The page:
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CDKL5 ensures excitatory synapse stability by reinforcing NGL-1-PSD95 interaction in the postsynaptic compartment and is impaired in patient iPSC-derived neurons

MPG-Autoren
http://pubman.mpdl.mpg.de/cone/persons/resource/persons50190

Hambrock,  M.
Chromosome Rearrangements and Disease (Vera Kalscheuer), Dept. of Human Molecular Genetics (Head: Hans-Hilger Ropers), Max Planck Institute for Molecular Genetics, Max Planck Society;

http://pubman.mpdl.mpg.de/cone/persons/resource/persons50479

Rademacher,  N.
Dept. of Human Molecular Genetics (Head: Hans-Hilger Ropers), Max Planck Institute for Molecular Genetics, Max Planck Society;

http://pubman.mpdl.mpg.de/cone/persons/resource/persons50369

Kalscheuer,  V. M.
Chromosome Rearrangements and Disease (Vera Kalscheuer), Dept. of Human Molecular Genetics (Head: Hans-Hilger Ropers), Max Planck Institute for Molecular Genetics, Max Planck Society;

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Ricciardi.pdf
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Zitation

Ricciardi, S., Ungaro, F., Hambrock, M., Rademacher, N., Stefanelli, G., Brambilla, D., et al. (2012). CDKL5 ensures excitatory synapse stability by reinforcing NGL-1-PSD95 interaction in the postsynaptic compartment and is impaired in patient iPSC-derived neurons. Nature Cell Biology, 14(9), 911-923. doi:10.1038/ncb2566.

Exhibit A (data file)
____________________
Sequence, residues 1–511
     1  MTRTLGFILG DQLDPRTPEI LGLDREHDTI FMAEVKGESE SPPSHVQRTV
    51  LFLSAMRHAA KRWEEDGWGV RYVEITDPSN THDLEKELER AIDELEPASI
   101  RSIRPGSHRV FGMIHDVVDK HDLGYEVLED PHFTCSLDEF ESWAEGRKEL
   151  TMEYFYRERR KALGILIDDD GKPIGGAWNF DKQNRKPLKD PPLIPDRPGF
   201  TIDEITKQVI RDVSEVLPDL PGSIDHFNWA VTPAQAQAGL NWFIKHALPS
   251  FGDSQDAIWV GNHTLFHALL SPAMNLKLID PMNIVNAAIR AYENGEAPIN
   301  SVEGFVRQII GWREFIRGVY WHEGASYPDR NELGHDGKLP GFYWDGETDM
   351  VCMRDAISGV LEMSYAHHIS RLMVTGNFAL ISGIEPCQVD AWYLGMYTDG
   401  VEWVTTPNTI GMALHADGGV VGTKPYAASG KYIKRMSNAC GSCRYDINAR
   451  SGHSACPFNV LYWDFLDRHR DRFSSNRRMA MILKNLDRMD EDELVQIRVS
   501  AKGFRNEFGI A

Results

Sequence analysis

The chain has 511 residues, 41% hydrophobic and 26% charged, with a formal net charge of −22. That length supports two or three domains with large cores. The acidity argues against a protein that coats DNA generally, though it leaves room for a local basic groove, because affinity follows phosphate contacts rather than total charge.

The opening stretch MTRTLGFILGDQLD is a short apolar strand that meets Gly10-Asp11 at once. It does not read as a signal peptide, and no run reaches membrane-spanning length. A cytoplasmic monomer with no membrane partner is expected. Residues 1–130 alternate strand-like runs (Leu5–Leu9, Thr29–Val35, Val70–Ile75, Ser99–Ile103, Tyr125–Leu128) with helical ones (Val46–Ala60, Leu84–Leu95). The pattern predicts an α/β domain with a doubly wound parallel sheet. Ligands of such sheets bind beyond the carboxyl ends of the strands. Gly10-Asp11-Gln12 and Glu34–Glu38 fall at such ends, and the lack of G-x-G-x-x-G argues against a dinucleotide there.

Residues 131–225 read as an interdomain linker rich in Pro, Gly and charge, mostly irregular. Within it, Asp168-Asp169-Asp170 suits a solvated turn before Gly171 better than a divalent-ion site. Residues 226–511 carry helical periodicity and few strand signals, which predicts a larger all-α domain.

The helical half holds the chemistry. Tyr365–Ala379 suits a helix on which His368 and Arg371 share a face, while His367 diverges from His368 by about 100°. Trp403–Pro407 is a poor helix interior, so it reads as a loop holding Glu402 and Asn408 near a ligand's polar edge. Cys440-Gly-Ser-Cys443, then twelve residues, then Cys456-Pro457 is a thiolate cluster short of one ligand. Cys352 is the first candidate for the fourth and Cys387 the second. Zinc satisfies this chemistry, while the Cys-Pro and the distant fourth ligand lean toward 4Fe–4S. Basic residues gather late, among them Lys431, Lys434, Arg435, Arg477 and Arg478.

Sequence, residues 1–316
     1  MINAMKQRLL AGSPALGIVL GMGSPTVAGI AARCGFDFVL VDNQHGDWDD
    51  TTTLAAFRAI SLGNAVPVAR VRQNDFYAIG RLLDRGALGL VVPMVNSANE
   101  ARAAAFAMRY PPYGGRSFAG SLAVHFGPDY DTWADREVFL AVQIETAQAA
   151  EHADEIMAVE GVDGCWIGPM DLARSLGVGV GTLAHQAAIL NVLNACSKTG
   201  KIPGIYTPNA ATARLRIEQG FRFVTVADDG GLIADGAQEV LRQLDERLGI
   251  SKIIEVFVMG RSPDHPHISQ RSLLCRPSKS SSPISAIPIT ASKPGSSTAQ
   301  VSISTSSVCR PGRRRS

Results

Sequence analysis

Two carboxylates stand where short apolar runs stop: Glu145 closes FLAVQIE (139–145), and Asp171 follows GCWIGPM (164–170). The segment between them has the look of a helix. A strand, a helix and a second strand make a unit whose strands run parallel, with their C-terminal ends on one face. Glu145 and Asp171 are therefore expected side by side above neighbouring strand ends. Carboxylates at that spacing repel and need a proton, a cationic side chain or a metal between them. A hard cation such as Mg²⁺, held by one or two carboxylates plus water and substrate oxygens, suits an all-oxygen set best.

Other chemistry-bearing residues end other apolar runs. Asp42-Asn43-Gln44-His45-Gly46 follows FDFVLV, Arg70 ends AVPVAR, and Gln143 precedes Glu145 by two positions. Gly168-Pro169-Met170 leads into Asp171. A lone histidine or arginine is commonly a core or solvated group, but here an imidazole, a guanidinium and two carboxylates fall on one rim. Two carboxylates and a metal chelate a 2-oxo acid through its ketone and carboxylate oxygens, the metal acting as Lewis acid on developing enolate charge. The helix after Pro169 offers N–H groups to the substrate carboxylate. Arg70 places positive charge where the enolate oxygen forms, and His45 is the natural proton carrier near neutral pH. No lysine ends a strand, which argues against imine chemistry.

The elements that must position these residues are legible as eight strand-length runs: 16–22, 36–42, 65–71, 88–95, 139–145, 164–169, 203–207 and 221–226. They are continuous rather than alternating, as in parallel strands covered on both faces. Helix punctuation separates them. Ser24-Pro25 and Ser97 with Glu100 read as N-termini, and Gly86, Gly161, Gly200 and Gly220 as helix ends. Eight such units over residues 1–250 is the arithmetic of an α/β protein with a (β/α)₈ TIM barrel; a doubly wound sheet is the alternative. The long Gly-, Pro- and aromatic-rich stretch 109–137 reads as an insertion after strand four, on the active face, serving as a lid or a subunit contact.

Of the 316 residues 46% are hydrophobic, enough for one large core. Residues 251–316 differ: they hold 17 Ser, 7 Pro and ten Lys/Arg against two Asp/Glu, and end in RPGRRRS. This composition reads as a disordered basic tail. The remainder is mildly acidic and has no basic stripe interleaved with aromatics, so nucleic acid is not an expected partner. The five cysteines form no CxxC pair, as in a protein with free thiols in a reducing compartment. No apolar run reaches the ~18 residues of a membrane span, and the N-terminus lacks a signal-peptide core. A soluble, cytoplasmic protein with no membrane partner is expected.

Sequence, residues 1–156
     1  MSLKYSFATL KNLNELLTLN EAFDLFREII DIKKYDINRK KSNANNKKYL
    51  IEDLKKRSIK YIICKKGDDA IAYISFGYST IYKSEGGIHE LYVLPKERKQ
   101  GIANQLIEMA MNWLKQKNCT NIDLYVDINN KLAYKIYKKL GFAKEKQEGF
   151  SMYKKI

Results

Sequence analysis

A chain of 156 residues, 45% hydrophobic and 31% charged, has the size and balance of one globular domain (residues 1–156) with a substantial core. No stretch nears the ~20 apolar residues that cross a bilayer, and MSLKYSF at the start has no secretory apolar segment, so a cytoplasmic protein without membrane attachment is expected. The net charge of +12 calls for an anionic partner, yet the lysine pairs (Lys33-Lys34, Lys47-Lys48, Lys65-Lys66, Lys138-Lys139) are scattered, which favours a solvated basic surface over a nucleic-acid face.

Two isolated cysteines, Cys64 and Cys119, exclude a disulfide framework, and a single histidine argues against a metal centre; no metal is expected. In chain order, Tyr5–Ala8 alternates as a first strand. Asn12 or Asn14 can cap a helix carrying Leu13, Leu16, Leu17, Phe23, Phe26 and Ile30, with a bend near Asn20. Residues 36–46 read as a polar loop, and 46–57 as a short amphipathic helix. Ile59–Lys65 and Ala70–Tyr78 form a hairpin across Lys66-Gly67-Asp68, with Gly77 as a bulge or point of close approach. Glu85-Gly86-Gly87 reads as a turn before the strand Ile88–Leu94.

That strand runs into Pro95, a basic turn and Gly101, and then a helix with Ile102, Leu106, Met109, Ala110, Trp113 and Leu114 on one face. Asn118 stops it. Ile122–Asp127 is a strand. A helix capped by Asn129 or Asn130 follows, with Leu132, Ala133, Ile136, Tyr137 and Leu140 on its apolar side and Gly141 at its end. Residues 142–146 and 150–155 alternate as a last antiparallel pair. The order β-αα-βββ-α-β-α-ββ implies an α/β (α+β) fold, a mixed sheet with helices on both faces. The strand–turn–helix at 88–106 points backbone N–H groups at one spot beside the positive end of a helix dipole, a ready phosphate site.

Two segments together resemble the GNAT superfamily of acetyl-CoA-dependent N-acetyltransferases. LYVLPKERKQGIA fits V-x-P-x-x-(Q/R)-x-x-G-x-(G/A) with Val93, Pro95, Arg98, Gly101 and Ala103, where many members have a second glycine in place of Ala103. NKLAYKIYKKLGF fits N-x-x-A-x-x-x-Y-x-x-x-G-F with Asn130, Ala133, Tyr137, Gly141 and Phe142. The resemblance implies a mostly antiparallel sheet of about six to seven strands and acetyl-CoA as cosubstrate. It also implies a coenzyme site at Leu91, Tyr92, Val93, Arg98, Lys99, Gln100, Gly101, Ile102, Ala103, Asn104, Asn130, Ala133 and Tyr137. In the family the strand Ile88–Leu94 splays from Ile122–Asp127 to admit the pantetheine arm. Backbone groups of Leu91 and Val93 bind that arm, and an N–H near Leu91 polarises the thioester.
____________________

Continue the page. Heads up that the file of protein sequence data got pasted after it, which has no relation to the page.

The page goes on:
Zitierlink: http://hdl.handle.net/11858/00-001M-0000-000E-EC80-E
Zusammenfassung
Mutations of the cyclin-dependent kinase-like 5 (CDKL5) and netrin-G1 (NTNG1) genes cause a severe neurodevelopmental disorder with clinical features that are closely related to Rett syndrome, including intellectual disability, early-onset intractable epilepsy and autism. We report here that CDKL5 is localized at excitatory synapses and contributes to correct dendritic spine structure and synapse activity. To exert this role, CDKL5 binds and phosphorylates the cell adhesion molecule NGL-1. This phosphorylation event ensures a stable association between NGL-1 and PSD95. Accordingly, phospho-mutant NGL-1 is unable to induce synaptic contacts whereas its phospho-mimetic form binds PSD95 more efficiently and partially rescues the CDKL5-specific spine defects. Interestingly, similarly to rodent neurons, iPSC-derived neurons from patients with CDKL5 mutations exhibit aberrant dendritic spines, thus suggesting a common function of CDKL5 in mice and humans.